September 14, 1999
Images: The Music of Robert Sheldon (CD # WFR104)
Exaltation: The Music of James Swearingen (CD # WFR138)
In All Its Glory: The Music of James Swearingen (CD # WFR102)
Of A Distant Star: The Music of Ed Huckeby (CD # WFR103)
The Quest: The Music of David Shaffer (CD # WFR175)
All albums performed by The Washington Winds, Edward Petersen, conductor; Published by Walking Frog Records, 1999.
Did you play in the band in high school? Did your kids play in the band in their school? Did you like that music -- rousing short pieces by composers you never heard of, compositions that studiously involved all sections of the band but didn't require a high level of instrumental virtuosity? If you like the music that you and/or your kids played in high-school band, you will love this new group of albums from Walking Frog Records. Each album features the music of one of the leading contemporary composers of works conceived and composed specifically for high school and junior high school bands. All the works are performed by The Washington Winds, a sometime recording ensemble consisting of professional band musicians from the Washington D.C. area, many of whom are or were members of the many military bands headquartered in the D.C. area.
To say that these works are composed for high-school bands is not a derogation of their musical quality. They aren't particularly subtle as a rule, but they aren't simplistic either. They tend to be highly programmatic, and they tend to keep moving -- so as not to bore young players or moderately appreciative listeners, and they make sparse use of complex rhythmic or harmonic structure. But they can still be fun to listen to.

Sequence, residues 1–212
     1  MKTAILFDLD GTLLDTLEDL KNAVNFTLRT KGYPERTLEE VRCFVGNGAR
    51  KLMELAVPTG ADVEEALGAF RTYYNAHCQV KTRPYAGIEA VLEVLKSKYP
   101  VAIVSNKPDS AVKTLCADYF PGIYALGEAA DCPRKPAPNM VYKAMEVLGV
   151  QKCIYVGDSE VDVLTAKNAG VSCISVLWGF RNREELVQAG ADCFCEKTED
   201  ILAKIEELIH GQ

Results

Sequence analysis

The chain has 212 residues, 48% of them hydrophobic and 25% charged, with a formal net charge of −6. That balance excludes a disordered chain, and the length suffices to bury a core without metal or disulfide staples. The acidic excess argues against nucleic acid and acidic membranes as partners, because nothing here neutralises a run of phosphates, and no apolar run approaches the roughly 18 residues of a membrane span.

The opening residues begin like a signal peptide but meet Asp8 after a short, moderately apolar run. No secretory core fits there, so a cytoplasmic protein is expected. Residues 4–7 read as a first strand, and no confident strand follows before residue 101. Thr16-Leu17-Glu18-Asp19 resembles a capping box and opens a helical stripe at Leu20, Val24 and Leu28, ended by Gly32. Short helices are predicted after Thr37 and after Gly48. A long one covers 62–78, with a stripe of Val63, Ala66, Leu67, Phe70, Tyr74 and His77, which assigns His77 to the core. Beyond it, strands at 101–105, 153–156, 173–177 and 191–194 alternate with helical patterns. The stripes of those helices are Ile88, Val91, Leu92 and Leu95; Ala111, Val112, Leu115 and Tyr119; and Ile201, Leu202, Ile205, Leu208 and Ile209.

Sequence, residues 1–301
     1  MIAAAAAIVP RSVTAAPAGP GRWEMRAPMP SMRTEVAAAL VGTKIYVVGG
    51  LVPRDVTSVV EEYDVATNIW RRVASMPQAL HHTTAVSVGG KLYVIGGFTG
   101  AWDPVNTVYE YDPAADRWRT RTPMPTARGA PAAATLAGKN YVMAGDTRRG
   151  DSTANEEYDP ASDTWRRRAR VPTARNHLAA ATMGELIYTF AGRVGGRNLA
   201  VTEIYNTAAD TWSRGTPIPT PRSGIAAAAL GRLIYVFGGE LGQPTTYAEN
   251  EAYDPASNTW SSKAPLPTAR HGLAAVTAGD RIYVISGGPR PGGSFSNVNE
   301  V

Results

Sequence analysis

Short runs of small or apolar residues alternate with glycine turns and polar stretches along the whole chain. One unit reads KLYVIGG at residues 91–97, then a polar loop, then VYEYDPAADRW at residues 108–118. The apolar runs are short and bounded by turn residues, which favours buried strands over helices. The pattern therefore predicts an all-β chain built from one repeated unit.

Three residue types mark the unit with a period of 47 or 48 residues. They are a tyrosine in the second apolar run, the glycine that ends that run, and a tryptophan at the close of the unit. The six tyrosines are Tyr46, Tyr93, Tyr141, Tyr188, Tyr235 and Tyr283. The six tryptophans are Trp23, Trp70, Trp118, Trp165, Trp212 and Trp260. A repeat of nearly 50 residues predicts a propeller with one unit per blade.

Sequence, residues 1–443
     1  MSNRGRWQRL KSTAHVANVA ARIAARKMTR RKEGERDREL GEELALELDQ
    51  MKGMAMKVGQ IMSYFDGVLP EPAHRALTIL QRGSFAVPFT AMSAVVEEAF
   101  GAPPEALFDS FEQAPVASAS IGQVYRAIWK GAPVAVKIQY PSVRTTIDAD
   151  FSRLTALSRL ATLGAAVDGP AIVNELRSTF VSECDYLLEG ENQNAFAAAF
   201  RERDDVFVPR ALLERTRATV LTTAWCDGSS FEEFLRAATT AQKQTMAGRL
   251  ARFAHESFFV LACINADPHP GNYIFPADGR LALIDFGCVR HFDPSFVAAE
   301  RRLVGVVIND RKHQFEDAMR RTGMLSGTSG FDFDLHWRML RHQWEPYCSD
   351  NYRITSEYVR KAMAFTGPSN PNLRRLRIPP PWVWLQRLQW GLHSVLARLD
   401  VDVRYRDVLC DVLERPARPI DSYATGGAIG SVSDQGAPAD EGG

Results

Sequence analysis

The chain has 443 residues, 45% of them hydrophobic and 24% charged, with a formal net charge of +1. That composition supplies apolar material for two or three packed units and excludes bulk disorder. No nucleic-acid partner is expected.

David Schaffer's album, for example, begins with a highly programmatic five-minute piece called Flight of the Pegasus, after the winged horse that Bellerophone rode to fight Chimaera, the monster with a "fire-breathing goat's head, the forequarters of a lion and the hind part of a dragon." The album liner notes explain that the piece "culminat[es] as our hero plunges from a great height in a victorious assault upon the monstrous creature."
Robert Sheldon's collection includes Lost Colony, taking the story of the lost colony of Roanoke Island as its program. After musically describing the colonists' ship "sailing away [and] leaving the colony and its residents [in] great anxiety," the seven-minute piece ends with the colonists "walk[ing] away...never to be seen again." This is pretty dramatic stuff!
Ohio native James Swearingen ("arguably the most performed contemporary band composer of the last decade," according to the liner notes) based his short Fantasy On An American Classic on the folk song Shenandoah, but also sprinkled in bits of a few other classic American tunes such as America The Beautiful. Though it is easy to do, it is a mistake to dismiss these works as serious music. While not the most profound music being created, these and similar works are the first serious music encountered by millions of youngsters, and they remain great fun to listen to.
You can hear selections from these albums of new band music on WHIL-FM (91.3) Thursday, September 16 at 7:00 PM as part of their weekly series of music from after 1950.